New data show how often Alabama uses solitary confinement


Image of a segregation unit at Alabama's Bullock Prison, where men stay during solitary confinement.

Plaintiffs' exhibit, Braggs v. Hamm lawsuit

Imagine spending 22 hours a day locked in a cell for weeks, months or years. 

That’s life for hundreds of people inside Alabama’s prisons, according to data published last month by Yale Law School and the Correctional Leaders Association (CLA), a group that represents prison officials in the U.S.  

The report details the use of solitary confinement across the country and recent efforts to limit the practice. 

“Solitary confinement is a form of corporal punishment,” said Judith Resnik, the Arthur Liman Professor of Law at Yale and co-author of the report. “It is engaging your whole body in its confinement. And it should be seen as a radical act, not as an ordinary act.” 

Prison officials use solitary as a form of punishment, as a way to protect people who are being targeted in prison and for administrative purposes, such as when people first arrive at a facility and are waiting to be classified.

Resnik and fellow researchers have collected survey data on the practice since 2012. 

Their most recent report, which cites data from 2021, indicates that fewer people are housed in solitary now compared to a decade ago. 

“There’s been a sea change as people come to understand how dreadfully harmful isolating human beings – locking them in, leaving them without visual stimulation – is for mind, body, soul, terrible,” Resnik said. “So a huge shift in the overall picture is people who run systems are trying to get their numbers down as the awareness of harm has become underscored from a host of different venues.”  

Image from inside a segregation cell at Bullock Prison, where men are housed during solitary confinement. Filed in federal court on Jan. 19, 2017.

Solitary confinement can lead to depression, anxiety, psychosis and suicidal ideation.

In Alabama’s prisons, more than two dozen incarcerated men have killed themselves since 2018. Most of these deaths occurred in segregation cells, where people are housed during solitary confinement.

In an ongoing federal lawsuit about mental health care in state prisons, U.S. District Judge Myron Thompson has ordered Alabama to improve living conditions for people placed in these units and better monitor individuals for signs of mental distress.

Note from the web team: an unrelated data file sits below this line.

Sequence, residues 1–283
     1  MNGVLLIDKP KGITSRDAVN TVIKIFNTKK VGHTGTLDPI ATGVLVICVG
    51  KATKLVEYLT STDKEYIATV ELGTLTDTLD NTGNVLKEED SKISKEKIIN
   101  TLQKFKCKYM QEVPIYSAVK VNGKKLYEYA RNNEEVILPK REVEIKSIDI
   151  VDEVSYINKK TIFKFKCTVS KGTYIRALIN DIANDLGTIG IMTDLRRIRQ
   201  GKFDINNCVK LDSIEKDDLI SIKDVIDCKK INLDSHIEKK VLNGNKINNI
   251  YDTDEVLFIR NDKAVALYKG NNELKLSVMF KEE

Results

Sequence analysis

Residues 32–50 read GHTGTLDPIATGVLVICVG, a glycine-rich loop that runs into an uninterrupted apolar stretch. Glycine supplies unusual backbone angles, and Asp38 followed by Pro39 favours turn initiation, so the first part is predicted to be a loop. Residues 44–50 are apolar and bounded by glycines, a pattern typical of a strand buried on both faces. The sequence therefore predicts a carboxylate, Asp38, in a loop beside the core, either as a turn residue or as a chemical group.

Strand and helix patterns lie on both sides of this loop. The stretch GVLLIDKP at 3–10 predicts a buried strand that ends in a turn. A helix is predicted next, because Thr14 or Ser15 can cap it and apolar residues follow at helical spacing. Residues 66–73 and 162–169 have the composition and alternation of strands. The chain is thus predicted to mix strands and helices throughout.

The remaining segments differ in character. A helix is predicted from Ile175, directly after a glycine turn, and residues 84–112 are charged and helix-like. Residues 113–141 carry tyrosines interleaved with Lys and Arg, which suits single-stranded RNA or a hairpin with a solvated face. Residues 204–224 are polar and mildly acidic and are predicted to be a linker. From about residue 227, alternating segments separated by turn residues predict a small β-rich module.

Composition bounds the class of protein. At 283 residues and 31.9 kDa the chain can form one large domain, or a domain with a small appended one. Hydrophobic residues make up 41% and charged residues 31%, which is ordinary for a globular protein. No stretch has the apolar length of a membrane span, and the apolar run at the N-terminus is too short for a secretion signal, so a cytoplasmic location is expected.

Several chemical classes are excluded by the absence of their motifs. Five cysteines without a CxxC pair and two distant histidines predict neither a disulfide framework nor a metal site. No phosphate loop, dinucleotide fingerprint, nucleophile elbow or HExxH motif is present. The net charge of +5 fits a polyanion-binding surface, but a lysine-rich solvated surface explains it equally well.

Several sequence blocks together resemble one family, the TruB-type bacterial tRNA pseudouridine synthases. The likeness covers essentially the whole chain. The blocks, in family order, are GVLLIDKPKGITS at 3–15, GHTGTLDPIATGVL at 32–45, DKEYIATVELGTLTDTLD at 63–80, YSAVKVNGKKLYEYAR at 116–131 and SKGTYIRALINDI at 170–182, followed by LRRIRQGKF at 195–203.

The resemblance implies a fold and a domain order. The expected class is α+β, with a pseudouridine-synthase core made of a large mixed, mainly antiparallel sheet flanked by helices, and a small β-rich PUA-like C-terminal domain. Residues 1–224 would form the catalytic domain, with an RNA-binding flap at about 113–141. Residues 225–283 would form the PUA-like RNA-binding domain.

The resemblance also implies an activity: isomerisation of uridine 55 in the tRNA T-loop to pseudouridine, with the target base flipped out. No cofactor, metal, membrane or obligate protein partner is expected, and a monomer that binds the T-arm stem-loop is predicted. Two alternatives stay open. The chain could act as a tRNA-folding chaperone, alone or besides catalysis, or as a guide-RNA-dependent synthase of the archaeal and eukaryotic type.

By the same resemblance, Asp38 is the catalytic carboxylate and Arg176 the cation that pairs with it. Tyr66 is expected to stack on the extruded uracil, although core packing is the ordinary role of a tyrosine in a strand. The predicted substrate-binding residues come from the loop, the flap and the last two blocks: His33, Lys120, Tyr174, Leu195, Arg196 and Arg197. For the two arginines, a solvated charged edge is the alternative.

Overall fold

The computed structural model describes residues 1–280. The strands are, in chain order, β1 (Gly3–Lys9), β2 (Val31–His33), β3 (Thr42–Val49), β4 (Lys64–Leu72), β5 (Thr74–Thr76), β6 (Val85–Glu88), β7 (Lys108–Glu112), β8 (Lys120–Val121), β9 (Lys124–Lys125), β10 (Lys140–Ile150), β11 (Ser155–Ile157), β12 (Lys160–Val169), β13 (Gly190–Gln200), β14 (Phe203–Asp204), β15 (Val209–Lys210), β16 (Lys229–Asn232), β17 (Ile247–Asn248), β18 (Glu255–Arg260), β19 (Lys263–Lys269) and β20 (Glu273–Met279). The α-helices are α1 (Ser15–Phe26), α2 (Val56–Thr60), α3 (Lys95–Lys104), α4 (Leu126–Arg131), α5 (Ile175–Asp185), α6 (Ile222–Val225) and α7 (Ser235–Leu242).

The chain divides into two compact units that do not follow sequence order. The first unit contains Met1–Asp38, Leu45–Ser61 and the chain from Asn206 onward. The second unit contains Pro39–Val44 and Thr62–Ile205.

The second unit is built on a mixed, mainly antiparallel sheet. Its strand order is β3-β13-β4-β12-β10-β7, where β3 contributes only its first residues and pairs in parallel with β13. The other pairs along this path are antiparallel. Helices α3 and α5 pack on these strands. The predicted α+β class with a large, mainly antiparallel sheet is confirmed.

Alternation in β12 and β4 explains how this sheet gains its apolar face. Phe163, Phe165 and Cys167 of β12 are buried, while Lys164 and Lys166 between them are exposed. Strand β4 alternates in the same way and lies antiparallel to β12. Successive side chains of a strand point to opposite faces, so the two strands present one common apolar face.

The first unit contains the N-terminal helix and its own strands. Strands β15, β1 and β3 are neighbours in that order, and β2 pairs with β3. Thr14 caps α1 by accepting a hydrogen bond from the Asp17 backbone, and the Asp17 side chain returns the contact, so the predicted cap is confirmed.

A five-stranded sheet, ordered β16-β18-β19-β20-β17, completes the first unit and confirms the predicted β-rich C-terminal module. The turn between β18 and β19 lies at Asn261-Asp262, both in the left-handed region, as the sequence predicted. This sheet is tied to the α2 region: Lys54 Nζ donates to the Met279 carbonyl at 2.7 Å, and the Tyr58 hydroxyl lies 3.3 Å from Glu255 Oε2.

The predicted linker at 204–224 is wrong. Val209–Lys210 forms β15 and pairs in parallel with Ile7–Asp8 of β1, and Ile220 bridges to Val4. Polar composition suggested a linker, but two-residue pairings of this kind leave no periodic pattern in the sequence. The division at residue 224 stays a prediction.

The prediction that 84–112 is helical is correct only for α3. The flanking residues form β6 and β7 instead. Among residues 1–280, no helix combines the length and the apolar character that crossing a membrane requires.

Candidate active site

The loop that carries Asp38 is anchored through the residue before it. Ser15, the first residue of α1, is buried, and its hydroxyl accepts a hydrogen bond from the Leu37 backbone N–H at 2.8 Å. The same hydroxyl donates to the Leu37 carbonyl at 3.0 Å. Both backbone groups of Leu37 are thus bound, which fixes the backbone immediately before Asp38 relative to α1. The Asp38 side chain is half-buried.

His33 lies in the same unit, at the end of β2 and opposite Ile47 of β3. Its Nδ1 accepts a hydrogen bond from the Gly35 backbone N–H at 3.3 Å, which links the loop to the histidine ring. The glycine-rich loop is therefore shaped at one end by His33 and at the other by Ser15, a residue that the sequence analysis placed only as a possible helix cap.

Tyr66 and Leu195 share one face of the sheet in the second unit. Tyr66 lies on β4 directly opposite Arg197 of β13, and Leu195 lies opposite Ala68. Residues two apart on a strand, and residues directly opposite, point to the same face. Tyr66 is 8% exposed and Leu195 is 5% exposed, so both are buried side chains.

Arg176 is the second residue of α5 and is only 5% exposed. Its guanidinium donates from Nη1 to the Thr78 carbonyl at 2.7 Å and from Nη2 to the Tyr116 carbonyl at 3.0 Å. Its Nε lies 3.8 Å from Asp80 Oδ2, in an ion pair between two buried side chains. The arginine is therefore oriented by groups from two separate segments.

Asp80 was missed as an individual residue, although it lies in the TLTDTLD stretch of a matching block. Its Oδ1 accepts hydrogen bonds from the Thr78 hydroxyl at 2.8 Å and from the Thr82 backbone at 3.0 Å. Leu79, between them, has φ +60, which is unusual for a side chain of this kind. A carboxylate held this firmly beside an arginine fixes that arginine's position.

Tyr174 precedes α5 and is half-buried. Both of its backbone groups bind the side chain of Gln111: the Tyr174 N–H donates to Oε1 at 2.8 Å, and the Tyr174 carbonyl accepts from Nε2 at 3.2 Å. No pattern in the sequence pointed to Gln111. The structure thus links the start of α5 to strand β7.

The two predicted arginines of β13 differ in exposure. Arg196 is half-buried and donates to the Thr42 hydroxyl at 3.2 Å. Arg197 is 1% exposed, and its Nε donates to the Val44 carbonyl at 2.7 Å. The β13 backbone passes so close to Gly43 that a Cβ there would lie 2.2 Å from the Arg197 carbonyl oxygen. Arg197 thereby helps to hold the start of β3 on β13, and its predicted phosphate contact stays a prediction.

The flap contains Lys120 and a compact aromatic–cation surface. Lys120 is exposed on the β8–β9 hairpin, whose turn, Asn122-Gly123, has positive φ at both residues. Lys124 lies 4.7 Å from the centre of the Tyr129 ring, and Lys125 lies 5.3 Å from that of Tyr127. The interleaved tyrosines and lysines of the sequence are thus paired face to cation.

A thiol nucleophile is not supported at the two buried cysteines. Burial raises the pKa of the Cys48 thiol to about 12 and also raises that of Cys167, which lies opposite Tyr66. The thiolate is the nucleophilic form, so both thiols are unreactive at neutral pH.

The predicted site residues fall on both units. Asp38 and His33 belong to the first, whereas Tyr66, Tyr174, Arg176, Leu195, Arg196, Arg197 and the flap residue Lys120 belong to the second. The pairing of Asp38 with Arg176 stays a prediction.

In 2021, Thompson wrote that “the combination of the lack of any meaningful activity or social contact and the stressors of living in a dilapidated, filthy, and loud housing unit for almost 24 hours per day results in a heightened risk of decompensation for mentally ill prisoners and a heightened risk of developing serious mental-health needs for those who were initially healthy.” 

Images of a segregation cell at Alabama’s St. Clair Prison. Photo filed in federal court Jan 19, 2017.

Data from the most recent Yale and CLA survey show that in July 2021, roughly five percent of Alabama’s prison population, or 879 people, were housed in solitary confinement for more than 15 days. 

A vast majority of these people are men, and a disproportionate number are Black men. Most of these individuals stayed in solitary for a few months. But 142 people incarcerated in Alabama’s prisons have remained in solitary confinement for more than 10 years, a number much higher than most other states.  

Resnik said the longer someone remains in isolation, the harder it can be for them to return to society. 

“Isolating people doesn’t really make for safety,” she said. “The self-harm, the aggression toward others and the inability to function with others are things that don’t make safe. And a whole bunch of people leave prisons and need to be equipped to function.” 

Photo shows rules for people placed in segregation units at Alabama’s Holman Prison. Image filed in federal court on Jan. 19, 2017.

Resnik is hopeful about increasing support, across the political spectrum, to limit the use of solitary confinement. 

On a national level, the Federal Bureau of Prisons is now required to report the number of people placed in solitary confinement. Some states recently passed laws to restrict who can be placed in isolation and for how long. And some prison systems have implemented transition programs to help people leave solitary and return to the general population or leave prison.

The survey numbers do not offer a complete picture of solitary confinement in the United States, as data are self-reported and don’t reflect every prison system. The study does not track the use of solitary confinement in municipal and county jails, nor does it document the number of people placed in solitary for less than 15 days. 

Officials with the Alabama Department of Corrections declined to answer any questions for this story, citing ongoing litigation. 

To learn more about conditions in Alabama’s prisons and related federal investigations, check out WBHM’s podcast, Deliberate Indifference.


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